Through The Health In Action Programme
The number of children consuming vegetables on a daily basis in 342 schools in at-risk communities in Gauteng, Eastern Cape and Western Cape has increased by 494% between 2019 and 2022, thanks to the Health in Action (HIA) programme by non-governmental organisation, INMED South Africa, and the Mondelēz International Foundation.
The programme, which was rolled out in two phases (Phase I: 2015-2019 and Phase II: 2019-2022), is focused on reducing obesity rates and promoting healthy lifestyles for children. It combines participatory education in nutrition and healthy choices, with access to fresh food via school gardens and regular break-time fitness activities, which are led by INMED-trained unemployed youth.
The second phase of the programme focused on spreading the programme’s reach and impact to develop a sustainable healthy lifestyle culture in schools and their surrounding communities.
As the implementing partner, INMED South Africa – an affiliate of INMED Partnerships for Children, has a vast knowledge and experience in developing programmes focusing on challenges that are unique to South Africa. Their local expertise in health and social enterprises ensured that the programme’s impact was measurable as well as meaningful for the parties involved.
Through their peer-to-peer system, the different schools in the programme were able to communicate and learn from each other, thereby creating an ongoing feedback loop with the opportunity for broader learning amongst the schools and their learners.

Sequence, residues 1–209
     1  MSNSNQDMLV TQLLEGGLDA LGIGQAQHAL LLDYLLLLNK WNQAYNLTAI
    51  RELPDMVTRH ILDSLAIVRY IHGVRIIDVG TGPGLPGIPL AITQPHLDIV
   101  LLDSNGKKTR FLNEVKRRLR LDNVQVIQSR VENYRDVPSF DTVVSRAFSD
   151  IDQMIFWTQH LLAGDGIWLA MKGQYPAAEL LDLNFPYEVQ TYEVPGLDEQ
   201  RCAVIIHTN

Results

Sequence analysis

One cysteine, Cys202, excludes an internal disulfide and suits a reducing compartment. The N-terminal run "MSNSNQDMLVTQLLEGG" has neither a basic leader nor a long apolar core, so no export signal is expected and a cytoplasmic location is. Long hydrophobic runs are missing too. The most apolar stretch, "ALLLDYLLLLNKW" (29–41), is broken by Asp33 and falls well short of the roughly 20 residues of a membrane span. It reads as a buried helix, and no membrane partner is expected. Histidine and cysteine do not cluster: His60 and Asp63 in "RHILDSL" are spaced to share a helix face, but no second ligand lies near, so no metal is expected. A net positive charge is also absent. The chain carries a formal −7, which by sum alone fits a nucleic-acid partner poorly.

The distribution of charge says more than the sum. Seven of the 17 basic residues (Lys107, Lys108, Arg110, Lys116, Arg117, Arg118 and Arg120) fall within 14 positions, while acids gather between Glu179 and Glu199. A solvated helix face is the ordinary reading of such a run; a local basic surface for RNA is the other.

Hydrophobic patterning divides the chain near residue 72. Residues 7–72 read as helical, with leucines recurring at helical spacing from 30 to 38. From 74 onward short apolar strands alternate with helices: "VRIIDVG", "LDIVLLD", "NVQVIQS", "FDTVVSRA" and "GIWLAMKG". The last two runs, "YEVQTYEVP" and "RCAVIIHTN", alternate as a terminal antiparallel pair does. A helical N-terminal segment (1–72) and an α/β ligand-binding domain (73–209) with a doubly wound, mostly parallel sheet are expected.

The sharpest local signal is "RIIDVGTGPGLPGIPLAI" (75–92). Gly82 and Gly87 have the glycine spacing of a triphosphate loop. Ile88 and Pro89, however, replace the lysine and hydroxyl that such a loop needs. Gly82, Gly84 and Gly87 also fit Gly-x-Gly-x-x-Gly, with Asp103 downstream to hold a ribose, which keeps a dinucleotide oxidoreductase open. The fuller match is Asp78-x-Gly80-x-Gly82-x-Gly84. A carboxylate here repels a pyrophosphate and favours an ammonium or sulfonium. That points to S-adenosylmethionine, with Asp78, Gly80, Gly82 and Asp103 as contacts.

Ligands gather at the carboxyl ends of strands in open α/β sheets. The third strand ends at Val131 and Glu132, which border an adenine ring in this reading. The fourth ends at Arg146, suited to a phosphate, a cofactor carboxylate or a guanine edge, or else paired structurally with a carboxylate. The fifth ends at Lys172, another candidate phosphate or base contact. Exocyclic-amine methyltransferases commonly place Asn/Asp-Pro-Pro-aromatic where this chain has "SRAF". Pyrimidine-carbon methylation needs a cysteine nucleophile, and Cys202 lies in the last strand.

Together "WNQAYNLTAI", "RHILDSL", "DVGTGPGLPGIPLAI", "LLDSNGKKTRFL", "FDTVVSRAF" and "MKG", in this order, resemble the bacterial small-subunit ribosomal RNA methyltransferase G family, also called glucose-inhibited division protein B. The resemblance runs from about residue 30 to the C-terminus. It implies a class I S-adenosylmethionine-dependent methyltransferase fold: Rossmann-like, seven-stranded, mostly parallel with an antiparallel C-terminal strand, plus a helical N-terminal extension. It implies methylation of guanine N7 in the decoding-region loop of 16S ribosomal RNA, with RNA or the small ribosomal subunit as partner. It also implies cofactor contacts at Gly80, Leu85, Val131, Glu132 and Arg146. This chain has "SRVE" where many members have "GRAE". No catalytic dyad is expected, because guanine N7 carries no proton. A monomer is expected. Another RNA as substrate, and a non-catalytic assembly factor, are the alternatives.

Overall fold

Unathi Sihlahla, Programme Director, INMED South Africa says the second phase of the programme reached about 315,000 children and 6,974 educators in the three provinces.
“When we started this phase of the programme, a mere 16% of children reported eating vegetables every day. Now, just two years later, this figure has increased to an astonishing 95%.”
This is a significant statistic, especially in light of a South African National Health and Nutrition Examination Survey (NHANES-1), which reported a combined overweight and obesity prevalence of 13.5% in children aged between 6 and 14 years. This is markedly higher than the 10% prevalence in school children globally.
According to the World Health Organization (WHO), the basic cause of obesity and overweight is an energy imbalance between calories consumed and calories expended. This is as a result of an increased intake of energy-dense foods that are high in fat and sugars combined with a decrease in physical activity.
The success of the second phase of the HIA programme is particularly notable because it was rolled out in the midst of the COVID-19 pandemic. In addition to eating more vegetables, more children are taking part in 30 minutes of physical exercise (or more) on a daily basis, up from 61% in 2020 to 90% in 2022.
The report indicates that participants’ knowledge of nutrition and healthy lifestyles also increased by 124% from 33% in 2020 to 74% in 2022. All of this has led to an improved body mass index (BMI) – that is children in the ‘normal’ BMI range – from 73% in 2020 to 78% in 2022.
Navisha Bechan-Sewkuran, Mondelēz International Corporate & Government Affairs Lead: Sub Saharan Africa, says while Mondelēz International is a leading producer of snacks, it is committed to inspiring consumers to snack mindfully, with the emphasis on savouring their snacks without overindulging. “Our purpose is to empower people to snack right by offering the right snack, for the right moment, made the right way.
“The Health in Action programme is close to our hearts, because we understand how important nutrition education is for children. Our seven-year partnership with INMED has been highly rewarding and we salute the 227 Mondelēz volunteers, who put their hands up for the second phase of the project, contributing 669 hours of their time to make the initiative a success.”
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